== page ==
Andy Tan, a fourth-year nursing student. PHOTO: NICOLE BRUMLEY
Photo: Nicole Brumley

Ryerson nursing student makes global impact

In Communities /

By Ania Bessonov

Preparing for high school, spending time with friends and avoiding homework are the typical concerns of an eighth-grader. However, for one student, Grade 8 was the year when the roots of what would later become a successful international initiative began to grow.

Andy Tan, a fourth-year nursing student, established the Run 4 Righteousness (R4R) grassroots organization in 2015 to help allocate resources to communities in Uganda affected by social injustices and inequity.

Every year, the organization hosts a run at High Park to fundraise money to address the needs of specific areas, including the Pader District of Northern Uganda.

“It happens too often where, as Canadians, we have a paternalistic view and we impose our power on others but in this case I didn’t want that. I wanted them to tell us what they need so that we can help them out,” said Tan.

The student-led initiative is made up of six other fourth-year nursing students: Jinal Patel, Karen Owusu, Jovana Miholjcic, Rachel Wong, Megan Lin and Niko Francis.

In the first year of the initiative in 2015, forty people participated in their fundraiser. That number nearly doubled last year to nearly 80 people.

The organization surpassed their 2016 goal and raised a total of $2,000. In order to ensure the money raised is being used responsibly, Tan sends the funds to Emmanuel International Canada, a non-profit, evangelical, Christian relief organization that assists local churches in developing countries.

In 2015, they raised enough funds to purchase a projector for the Lagwai Cseed Secondary School in Pader, Uganda.

“At that moment in time, they lacked a resource so that they could share knowledge with a large group of … maybe 50 to 70 students, and all they were using was a board, so it was hard to teach,” said Tan.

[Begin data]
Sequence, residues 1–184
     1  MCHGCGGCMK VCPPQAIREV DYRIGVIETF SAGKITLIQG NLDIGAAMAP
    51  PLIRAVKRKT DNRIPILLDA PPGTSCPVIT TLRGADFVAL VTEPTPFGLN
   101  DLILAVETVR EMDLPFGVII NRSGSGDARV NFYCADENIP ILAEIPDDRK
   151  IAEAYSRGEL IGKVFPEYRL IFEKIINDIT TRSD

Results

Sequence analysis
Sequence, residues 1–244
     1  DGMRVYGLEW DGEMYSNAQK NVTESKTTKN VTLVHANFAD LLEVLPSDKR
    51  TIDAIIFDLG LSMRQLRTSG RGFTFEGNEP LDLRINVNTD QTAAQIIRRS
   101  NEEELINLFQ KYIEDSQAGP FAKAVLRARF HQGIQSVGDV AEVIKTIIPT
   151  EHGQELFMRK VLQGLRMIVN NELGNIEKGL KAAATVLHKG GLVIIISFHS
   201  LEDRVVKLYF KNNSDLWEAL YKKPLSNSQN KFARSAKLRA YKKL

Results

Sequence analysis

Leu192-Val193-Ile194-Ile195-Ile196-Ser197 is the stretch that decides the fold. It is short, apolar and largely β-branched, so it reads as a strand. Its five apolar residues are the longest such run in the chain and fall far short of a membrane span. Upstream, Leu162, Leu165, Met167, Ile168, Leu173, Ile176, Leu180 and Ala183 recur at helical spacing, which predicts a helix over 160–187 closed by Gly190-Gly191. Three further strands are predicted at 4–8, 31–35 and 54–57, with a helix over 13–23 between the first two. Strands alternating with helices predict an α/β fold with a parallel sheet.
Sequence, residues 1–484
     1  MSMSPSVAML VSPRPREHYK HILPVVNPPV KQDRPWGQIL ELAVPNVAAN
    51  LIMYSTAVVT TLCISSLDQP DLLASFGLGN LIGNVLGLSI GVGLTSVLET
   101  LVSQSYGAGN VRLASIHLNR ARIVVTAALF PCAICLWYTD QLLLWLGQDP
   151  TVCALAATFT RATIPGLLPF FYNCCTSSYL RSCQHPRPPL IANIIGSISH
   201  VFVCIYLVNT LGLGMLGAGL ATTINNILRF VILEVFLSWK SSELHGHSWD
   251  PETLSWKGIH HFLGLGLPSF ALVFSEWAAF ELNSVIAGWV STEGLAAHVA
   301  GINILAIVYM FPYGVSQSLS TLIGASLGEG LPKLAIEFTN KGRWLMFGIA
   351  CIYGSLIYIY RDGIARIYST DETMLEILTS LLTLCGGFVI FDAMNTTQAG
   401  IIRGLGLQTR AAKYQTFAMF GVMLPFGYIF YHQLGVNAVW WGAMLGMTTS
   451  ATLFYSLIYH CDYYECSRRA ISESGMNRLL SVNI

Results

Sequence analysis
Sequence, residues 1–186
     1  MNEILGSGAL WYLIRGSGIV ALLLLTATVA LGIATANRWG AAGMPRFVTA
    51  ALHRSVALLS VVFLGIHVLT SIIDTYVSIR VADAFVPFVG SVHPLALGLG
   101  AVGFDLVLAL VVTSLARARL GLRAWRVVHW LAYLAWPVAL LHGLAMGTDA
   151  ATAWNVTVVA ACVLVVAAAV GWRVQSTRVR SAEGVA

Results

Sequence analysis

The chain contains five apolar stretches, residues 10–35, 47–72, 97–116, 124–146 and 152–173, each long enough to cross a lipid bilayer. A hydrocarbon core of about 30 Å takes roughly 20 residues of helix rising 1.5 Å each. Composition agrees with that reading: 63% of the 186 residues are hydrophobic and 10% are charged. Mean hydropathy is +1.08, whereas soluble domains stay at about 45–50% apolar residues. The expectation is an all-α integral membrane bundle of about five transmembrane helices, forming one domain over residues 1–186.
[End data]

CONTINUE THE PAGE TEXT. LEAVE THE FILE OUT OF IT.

With the donation of the projector, teachers at Lagwai Cseed Secondary were able to effectively reach more students in the classroom. The portability of the projector also allowed the public to utilize the equipment in church services and other local institutions outside.

R4R also provided access to reusable pads and underwear to over 400 girls as a sustainable means of managing their menstrual hygiene.

Tan reaches out to Mike and Marianne Godden, teachers at the school and workers for Emmanuel International Canada, who send pictures from Pader as evidence of the resources R4R provides.

All of this started when Tan’s eighth-grade teacher, Kevin Sebastian, exposed his students to some of the social injustices that exist in Uganda.

“My teacher introduced the conflicts that were occurring in Uganda with the civil war between the [Lord’s Resistance Army] and the government and that was just really tough to learn at such a young age,” said Tan.

According to Invisible Children, an advocacy organization, the Lord’s Resistance Army began as a rebellion against Ugandan President Yoweri Museveni and his oppression of Northern Uganda. However, as the movement lost support, it turned into a rebel group, led by Joseph Koney, who abducted children for its army.

Tan said this was a story he could never forget because he kept thinking about the kids his age who were being abducted as child soldiers.

“I felt as if their childhood was taken,” he said.

Tan said he used his privilege to act on his social responsibility to help children affected in the region.

He is aiming to raise $2,500-$3,000 in 2018. He said he hopes to inspire other students to start their own initiative and make a global impact.

“I think that people are fearful of taking on such big projects and … issues within our global community but I want to set an example for them that it is possible,” he said. “We are able to take the right steps in [creating] the future that we want to see.”

With files from Nicole Brumley.

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